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CIP Troubleshooting with Emma Swyers

[flipbook pdf="http://agrochemusa.com/wp-content/uploads/2023/07/CIP-Troubleshooting_Color.pdf"]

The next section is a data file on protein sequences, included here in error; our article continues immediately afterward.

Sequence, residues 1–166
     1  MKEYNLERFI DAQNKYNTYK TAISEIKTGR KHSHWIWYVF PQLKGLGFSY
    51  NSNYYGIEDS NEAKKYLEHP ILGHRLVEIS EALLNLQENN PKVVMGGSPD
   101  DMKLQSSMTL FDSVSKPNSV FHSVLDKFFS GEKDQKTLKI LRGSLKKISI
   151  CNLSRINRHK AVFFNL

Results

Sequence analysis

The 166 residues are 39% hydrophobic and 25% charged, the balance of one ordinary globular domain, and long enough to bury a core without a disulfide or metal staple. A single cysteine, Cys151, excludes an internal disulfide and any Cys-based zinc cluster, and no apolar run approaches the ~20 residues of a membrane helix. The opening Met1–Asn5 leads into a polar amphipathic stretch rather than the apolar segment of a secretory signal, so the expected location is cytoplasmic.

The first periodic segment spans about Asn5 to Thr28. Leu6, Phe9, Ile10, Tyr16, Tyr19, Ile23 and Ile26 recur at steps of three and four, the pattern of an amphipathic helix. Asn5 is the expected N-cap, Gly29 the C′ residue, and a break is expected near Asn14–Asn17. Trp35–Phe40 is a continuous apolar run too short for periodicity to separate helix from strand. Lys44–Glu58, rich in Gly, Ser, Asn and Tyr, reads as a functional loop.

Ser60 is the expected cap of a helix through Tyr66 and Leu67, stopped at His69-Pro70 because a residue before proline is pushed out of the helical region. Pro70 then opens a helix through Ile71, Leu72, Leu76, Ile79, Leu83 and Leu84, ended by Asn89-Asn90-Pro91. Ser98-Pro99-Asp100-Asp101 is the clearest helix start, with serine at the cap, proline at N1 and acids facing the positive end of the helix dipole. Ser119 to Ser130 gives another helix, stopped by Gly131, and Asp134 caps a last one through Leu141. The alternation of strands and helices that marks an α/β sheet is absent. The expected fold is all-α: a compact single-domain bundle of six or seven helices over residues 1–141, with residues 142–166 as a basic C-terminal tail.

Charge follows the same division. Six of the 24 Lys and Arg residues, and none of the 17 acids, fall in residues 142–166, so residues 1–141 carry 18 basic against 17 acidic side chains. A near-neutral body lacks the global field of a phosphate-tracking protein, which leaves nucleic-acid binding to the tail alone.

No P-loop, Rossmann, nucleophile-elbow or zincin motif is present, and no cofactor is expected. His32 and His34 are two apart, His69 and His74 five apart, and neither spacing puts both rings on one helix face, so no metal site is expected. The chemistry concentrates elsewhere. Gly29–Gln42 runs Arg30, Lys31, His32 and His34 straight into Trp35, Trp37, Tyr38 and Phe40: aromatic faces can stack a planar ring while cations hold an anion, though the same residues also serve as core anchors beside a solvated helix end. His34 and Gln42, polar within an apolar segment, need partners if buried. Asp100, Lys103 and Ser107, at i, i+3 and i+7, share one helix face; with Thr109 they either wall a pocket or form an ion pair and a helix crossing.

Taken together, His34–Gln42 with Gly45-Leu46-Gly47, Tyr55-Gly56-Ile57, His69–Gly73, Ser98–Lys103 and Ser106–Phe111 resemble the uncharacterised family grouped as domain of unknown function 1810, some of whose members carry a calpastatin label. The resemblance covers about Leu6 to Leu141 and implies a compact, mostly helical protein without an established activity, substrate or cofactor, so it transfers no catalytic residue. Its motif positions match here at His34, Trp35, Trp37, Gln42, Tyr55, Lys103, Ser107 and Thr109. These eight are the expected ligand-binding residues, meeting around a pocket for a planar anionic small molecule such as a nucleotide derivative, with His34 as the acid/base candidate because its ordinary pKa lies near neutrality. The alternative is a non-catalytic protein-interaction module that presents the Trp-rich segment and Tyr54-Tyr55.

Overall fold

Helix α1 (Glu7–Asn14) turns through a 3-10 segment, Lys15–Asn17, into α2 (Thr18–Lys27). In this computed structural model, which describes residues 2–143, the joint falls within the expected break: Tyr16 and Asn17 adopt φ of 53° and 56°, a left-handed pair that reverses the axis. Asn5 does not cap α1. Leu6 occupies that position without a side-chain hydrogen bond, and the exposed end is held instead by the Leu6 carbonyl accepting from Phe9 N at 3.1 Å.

Transcript: